I love the fit of this bodice even better than the first! My seams and pleats are a bit off (HOW?!?!), but they're symmetrically off so I'm just going to live with it.  My zipper oddly only took one try for both sides and turned out great!  The gods of sewing were clearly smiling on me.  I ate the chocolate bar as a reward instead of as a consolation like the first dress required.  My happy face seam ripper was not needed.

I'm ready for you invisible zip!
Anna.  She's a good one.  I'll definitely be making more of her.

Wednesday, August 10, 2016

You Spin Me Right Round

Early morning spinning session.
If you follow me on Facebook, Instagram, or have run into me in person over the last two and a half weeks you know by the title exactly what this blog post is about...

For years I've desperately wanted to get into spinning yarn.  Over time I've acquired some drop spindles and what turns out to be way too little fibre.  After a few aborted attempts with the drop spindle, a book and some youtube videos I finally decided to take a class last spring at one of the LYS.

It was a few hours long, thoroughly enjoyable, but truth be told I was a bit of train wreck with the whole co-ordination thing although I did leave the class with my drop spindle holding a little bit of a spun single attached to it so not all was lost.  I practiced a bit following the class but then got frustrated, set it aside, then couldn't figure out what I was doing when I picked it up again.  Still.  That dream of spinning was still there.

Imagine my surprise when, on my birthday, at the beginning of July I opened a lovely card from my husband and when I was instructed to keep reading, I turned the page of the inset of the card to find a note saying I was to have a one day class with a local master spinner in the city AND after my class I was to choose the spinning wheel I wanted.

OH MY WORD!!!!!!!!!!!!!!!!!!!!!!!!!!!!

The next day I phoned and booked my class for July 23rd and then anxiously waited, like a child waits for Santa Claus, for the day to arrive.  I was all kinds of nervous when I walked up to the door, but within minutes of entering the woman's home I was put at ease.   She was lovely and friendly and so very interesting.  It was a day filled with not only learning how to spin, but of history and tidbits of knowledge she'd gathered over her years as a spinner and former mill owner as well as just general camaraderie of two people who share a mutual love of all things wooly. I was fascinated, and couldn't believe when the time had come for the little boys and (BF)G to pick me up again.  I can't say enough good things about it.  It was just an all around fantastic day.

My new crafty tool!!!
After the day of trying out three different wheels I was completely taken with the Ashford Kiwi 2, so the cheque was written, the wheel carried out to our vehicle along with a bag of fibre, a skein of my first ever hand spun single I made that morning,  a skein of plied yarn that I'd made that afternoon clutched tightly in my hands and my imagination running wild with the possibilities that lay ahead of me.  My instructor had given me the advice that I should spin every day if I could.  "Five minutes a day is better than one 35 minute session a week" she'd said often enough throughout the day that it stuck.  I sat down to spin some more as soon as my wheel came into the house.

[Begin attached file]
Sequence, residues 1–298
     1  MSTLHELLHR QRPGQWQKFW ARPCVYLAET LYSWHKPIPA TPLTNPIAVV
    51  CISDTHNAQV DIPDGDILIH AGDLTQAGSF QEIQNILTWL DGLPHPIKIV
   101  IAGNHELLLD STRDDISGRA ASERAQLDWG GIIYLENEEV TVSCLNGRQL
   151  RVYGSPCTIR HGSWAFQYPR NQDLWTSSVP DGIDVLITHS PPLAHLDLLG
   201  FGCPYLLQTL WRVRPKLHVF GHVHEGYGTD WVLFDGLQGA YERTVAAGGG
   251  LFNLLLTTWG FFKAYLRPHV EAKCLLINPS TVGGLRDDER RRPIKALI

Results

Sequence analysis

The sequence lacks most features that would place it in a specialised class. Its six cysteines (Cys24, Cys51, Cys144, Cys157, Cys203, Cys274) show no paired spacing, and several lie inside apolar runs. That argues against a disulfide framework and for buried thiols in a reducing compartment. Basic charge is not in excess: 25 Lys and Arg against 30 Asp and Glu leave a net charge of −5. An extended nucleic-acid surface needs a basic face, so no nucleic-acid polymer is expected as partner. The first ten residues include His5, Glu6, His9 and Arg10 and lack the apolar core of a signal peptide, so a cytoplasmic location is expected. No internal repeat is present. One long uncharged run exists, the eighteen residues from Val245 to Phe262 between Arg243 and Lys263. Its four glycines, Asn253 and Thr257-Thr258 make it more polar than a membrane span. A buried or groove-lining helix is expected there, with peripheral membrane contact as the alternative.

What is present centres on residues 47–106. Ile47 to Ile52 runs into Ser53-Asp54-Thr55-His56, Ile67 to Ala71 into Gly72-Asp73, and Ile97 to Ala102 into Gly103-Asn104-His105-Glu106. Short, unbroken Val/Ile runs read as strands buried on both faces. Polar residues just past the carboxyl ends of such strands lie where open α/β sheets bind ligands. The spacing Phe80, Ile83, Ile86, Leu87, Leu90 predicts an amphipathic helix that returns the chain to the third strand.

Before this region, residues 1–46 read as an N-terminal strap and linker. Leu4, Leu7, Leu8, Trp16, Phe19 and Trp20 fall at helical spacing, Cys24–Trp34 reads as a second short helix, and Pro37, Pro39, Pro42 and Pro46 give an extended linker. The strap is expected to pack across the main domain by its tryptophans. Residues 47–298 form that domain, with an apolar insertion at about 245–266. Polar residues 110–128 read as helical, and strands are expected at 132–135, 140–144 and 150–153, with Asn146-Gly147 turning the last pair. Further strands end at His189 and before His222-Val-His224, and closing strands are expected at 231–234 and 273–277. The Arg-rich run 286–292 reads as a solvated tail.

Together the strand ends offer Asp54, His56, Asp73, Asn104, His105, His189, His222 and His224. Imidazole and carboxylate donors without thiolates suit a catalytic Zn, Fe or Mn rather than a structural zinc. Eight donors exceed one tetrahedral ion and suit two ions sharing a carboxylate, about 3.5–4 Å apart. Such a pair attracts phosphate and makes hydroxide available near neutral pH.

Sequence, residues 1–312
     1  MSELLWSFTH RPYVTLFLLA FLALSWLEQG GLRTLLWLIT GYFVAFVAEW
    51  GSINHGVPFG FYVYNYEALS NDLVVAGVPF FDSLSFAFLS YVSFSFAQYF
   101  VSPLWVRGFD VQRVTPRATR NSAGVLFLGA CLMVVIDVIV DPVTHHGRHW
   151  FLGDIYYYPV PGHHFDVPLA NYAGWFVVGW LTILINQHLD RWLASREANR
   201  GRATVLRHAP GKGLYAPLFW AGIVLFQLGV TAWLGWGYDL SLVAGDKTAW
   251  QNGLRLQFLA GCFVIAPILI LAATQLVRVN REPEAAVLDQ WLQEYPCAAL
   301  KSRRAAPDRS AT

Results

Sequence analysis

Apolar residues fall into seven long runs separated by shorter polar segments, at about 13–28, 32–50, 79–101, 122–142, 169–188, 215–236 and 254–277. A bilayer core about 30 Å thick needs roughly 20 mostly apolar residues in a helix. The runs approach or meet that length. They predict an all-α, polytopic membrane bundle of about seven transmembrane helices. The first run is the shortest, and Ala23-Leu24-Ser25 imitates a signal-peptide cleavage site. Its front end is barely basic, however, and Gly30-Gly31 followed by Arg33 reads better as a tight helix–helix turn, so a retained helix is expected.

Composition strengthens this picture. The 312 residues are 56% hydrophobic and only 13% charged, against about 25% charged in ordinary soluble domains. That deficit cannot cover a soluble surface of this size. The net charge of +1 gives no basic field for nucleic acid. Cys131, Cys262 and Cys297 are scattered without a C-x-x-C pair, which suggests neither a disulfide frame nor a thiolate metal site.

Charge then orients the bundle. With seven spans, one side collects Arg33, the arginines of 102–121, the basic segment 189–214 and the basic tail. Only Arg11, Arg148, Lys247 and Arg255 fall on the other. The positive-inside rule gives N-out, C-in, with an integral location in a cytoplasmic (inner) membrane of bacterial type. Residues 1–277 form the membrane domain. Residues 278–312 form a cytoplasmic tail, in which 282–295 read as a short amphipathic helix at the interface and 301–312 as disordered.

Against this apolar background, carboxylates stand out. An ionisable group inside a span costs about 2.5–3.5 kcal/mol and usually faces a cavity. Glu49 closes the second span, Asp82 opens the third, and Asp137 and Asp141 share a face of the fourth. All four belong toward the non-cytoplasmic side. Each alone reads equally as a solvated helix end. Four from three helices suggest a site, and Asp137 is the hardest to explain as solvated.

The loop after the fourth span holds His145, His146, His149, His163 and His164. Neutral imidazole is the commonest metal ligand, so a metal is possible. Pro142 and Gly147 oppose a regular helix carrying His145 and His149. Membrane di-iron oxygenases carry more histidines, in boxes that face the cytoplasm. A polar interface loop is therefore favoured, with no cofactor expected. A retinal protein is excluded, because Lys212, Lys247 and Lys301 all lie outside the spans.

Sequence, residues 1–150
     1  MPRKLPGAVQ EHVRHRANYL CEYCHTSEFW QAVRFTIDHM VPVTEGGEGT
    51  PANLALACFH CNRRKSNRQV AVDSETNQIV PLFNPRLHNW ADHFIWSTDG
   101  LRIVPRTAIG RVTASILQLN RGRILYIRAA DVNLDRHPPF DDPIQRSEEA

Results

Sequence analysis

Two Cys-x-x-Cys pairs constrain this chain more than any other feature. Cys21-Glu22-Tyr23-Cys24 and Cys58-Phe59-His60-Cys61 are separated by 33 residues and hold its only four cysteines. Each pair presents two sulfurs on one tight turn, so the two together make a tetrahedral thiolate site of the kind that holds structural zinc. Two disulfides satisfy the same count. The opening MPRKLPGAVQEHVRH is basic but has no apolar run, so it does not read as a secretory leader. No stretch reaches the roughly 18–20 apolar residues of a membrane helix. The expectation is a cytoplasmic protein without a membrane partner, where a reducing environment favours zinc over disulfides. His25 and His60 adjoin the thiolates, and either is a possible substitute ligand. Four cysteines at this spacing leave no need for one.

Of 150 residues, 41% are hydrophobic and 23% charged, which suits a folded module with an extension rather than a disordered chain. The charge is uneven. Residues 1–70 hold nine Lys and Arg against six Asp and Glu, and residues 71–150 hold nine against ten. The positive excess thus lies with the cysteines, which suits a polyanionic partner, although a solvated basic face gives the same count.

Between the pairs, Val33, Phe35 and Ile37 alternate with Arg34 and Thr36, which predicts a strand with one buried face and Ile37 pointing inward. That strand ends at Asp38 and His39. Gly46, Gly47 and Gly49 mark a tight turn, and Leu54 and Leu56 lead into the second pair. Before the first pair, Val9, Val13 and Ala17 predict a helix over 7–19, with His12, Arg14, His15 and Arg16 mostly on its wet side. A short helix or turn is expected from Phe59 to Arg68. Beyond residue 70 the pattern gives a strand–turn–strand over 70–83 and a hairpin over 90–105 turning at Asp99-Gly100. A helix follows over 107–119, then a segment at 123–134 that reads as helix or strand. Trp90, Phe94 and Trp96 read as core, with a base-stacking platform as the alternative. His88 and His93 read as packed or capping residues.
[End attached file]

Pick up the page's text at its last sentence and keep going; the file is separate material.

Top is my first ever single, bottom is my plied yarn 
I've found that I don't have a problem spinning every day.  I have a problem stopping when I start.  Supper?  Who needs supper?  There's still fibre to be spun!!!  It's soothing, it's therapeutic and it's addictive.

Mystery roving yarn plus a teeny tiny skein of mystery roving plied with the polwarth batt
I quickly finished up with all the Polwarth fibre she'd given me to "get me started", and then dug through my stash to find some mystery roving I'd bought years ago in hopes of learning to use the drop spindle that N made me one year when I must have talked non-stop about drop spindles.  (I think he was about 12 or 13 at the time).  I went through the mystery roving in a day, so then I moved onto a drop spindle kit (BF)G had given me for Christmas a few years ago.  It held the promise of three different types of fibre to be spun.  When it was getting low, I quickly contacted a friend who I know spins and asked her if she had a good local source that she could tell me of for fibre.

Last of the fibre in the house!  Panic was setting in!
Turns out there is a wonderful little farm not five miles away from me.  I paid them a visit last Friday afternoon and was in heaven!  I came home with enough stash of fibre - shetland and shetland/alpaca blends if you're curious - to hopefully get me the next few weeks at least!

Shetland Sheep, Shetland Sheep have you any wool,
Yes ma'am, yes ma'am, three bags full!
My poor husband is wondering what kind of monster he has inadvertently created in buying me the wheel, and he keeps gently suggesting that maybe, just maybe I'd like to start knitting something with all of the yarn I've made.  I think he worries that he may some day be buried alive by the ever growing pile of skeins of yarn that is amassing in our room.

Resistance was futile.
I had to dive right into my shetland/alpaca blend rolag as soon as I got home!
Right now I've been working hard on trying to get more consistent with my drafting so that my finished yarn is more consistent.  The shetland/alpaca blend from up the road is amazing to work with - so easy to spin and makes me happy to know it was prepared right in the little room at the back of the farm house.  I love the idea that this is local to me and hand produced from beginning to end from sheep that I've been introduced to! (although they seemed to be much less enthusiastic about our meeting than I was, choosing instead to largely ignore my ooh-ing and aaah-ing and I want one-ing!)

Spinning has really taken over my crafting world right now and my knitting and sewing have mostly fallen to the wayside.  I can't help it.  I am completely smitten.  I have always loved that with my sewing and knitting I could take a simple object of yarn or fabric and turn it into something.  The fact that I can now take essentially a blob of fluff and turn it into yarn and then turn it into something is just takes it to that next level for me!